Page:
“So, what’s the problem?” We were sitting on the pier and watching our bobbers float around pointlessly, and Stan was in some kind of funk. He sighed and said he really hated keeping a secret from his wife. Then he sighed again and fell quiet, so I had to ask again, “And…?” Stan told me that that morning he’d found the seven of clubs laying under his recliner and realized the last three months of gin rummy with his wife were probably meaningless. He followed that horrendous admission with another sigh. I didn’t really know how to respond so I said, “Well…” and went back to watching the pair of fellows on the next pier catch another bass which had somehow eluded us. After a long beat Stan said the situation reminded him of a book he just read, and this time I sighed… in relief. I really didn’t want to get involved in Stan’s marital turmoil.
He went on to tell me about CROOK MANIFESTO which is the sequel to HARLEM SHUFFLE, the terrific book by Colson Whitehead, both of which tell the story of Ray Carney a hard-working son of a crook, who owns his own business and dabbles just enough on the wrong side of the law to help his wife and two kids live a slightly better life than the tough 1960’s and 70’s Harlem has to offer. Stan said the book is full of, not only beautiful cryptic dialog, but also has scenes in which what is left unsaid among the characters is understood because of their shared experience in a dangerous world.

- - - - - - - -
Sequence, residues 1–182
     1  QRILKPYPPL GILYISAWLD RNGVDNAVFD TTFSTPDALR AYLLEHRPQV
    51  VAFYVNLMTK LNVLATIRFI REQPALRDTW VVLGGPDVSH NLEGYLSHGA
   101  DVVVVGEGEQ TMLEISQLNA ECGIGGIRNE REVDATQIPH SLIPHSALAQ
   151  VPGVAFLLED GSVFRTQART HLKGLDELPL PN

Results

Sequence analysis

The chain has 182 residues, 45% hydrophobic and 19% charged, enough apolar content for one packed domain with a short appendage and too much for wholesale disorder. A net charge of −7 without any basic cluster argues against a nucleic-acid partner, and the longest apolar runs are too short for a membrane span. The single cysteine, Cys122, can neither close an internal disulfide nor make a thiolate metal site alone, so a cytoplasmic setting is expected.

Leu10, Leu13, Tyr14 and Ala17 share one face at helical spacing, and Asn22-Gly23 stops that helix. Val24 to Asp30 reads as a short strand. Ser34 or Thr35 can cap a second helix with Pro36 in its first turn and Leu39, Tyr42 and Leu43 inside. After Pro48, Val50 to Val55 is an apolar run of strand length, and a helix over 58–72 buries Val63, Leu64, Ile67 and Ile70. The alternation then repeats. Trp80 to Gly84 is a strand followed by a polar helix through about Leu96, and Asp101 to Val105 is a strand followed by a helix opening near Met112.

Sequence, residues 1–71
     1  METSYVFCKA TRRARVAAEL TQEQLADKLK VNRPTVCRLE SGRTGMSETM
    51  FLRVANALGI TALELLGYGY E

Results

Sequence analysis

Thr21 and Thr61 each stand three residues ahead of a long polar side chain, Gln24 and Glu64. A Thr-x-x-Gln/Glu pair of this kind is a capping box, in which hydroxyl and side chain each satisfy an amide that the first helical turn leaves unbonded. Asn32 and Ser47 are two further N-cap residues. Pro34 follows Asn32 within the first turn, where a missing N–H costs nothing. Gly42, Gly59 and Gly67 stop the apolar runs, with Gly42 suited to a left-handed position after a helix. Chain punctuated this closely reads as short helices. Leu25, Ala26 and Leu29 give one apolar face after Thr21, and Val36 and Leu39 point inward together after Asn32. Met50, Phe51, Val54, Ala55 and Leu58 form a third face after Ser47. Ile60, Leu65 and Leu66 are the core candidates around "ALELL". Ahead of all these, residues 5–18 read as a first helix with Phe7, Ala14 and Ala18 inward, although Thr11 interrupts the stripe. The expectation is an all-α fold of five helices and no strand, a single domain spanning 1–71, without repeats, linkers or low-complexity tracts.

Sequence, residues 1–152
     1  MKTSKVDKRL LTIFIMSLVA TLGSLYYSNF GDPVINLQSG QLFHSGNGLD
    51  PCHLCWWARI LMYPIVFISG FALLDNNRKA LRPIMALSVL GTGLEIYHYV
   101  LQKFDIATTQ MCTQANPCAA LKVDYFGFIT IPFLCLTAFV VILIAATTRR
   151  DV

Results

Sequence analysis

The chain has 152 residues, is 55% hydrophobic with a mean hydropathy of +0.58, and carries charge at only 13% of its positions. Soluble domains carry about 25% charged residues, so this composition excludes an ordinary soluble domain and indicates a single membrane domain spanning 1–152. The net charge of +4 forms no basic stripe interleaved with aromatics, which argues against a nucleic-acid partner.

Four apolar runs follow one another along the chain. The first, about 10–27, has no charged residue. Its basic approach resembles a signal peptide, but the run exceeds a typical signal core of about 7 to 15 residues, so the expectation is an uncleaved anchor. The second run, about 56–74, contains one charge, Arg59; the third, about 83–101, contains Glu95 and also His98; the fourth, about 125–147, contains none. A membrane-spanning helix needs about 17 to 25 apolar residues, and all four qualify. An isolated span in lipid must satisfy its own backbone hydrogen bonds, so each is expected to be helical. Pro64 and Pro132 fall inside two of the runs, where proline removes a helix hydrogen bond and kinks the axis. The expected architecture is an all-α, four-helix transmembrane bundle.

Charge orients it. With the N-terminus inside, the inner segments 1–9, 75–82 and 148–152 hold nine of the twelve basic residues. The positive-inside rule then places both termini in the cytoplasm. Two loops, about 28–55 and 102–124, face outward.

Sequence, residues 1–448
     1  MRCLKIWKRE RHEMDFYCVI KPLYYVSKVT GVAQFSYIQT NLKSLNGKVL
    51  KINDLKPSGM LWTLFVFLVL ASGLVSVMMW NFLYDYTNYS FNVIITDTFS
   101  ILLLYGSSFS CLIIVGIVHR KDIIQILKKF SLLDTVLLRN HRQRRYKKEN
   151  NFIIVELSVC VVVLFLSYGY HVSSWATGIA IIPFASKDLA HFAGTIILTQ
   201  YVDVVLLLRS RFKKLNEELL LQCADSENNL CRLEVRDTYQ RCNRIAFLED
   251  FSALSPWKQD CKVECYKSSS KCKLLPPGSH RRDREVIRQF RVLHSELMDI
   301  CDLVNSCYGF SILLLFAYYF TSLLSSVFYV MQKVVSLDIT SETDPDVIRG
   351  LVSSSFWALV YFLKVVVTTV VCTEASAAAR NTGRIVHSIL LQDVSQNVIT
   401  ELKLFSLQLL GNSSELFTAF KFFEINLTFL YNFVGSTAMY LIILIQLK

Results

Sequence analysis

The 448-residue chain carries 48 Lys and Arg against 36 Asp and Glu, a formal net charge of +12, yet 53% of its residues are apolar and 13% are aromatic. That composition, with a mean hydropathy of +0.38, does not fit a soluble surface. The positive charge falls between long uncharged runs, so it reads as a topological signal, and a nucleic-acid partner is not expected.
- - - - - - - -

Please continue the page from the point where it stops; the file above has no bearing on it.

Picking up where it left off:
He said what reminded him of his own situation is that this character, Carney, has to keep his less legal activities from his wife. He is, after all, seen as a success in their world – a businessman, a father, an occasional church-goer – and he is, in fact, a good man. But the combination of his upbringing, his relatives, and the demands of his neighborhood sometime require a suspect approach to life. If a nephew shows up with some jewelry of skeptical origin and needs someone more experienced in such things to “move it”, then so be it. The nephew needs protecting, and life has its demands.
I told him the book sounded interesting, and he suggested, that while CROOK MANIFESTO is, as they say, a stand-alone novel, I start with HARLEM SHUFFLE because it’s a very good read getting to know Ray and his surrounds.
I thanked Stan for the referral, and we watched the pair next door land another bass. Stan sighed again, and I said, “Pal, maybe you should just tell your wife you found the seven of clubs.” And he said, “Yeah… and maybe about that boat I just bought.”
If you know of a book Stan might like let THE BREEZE know at email@example.com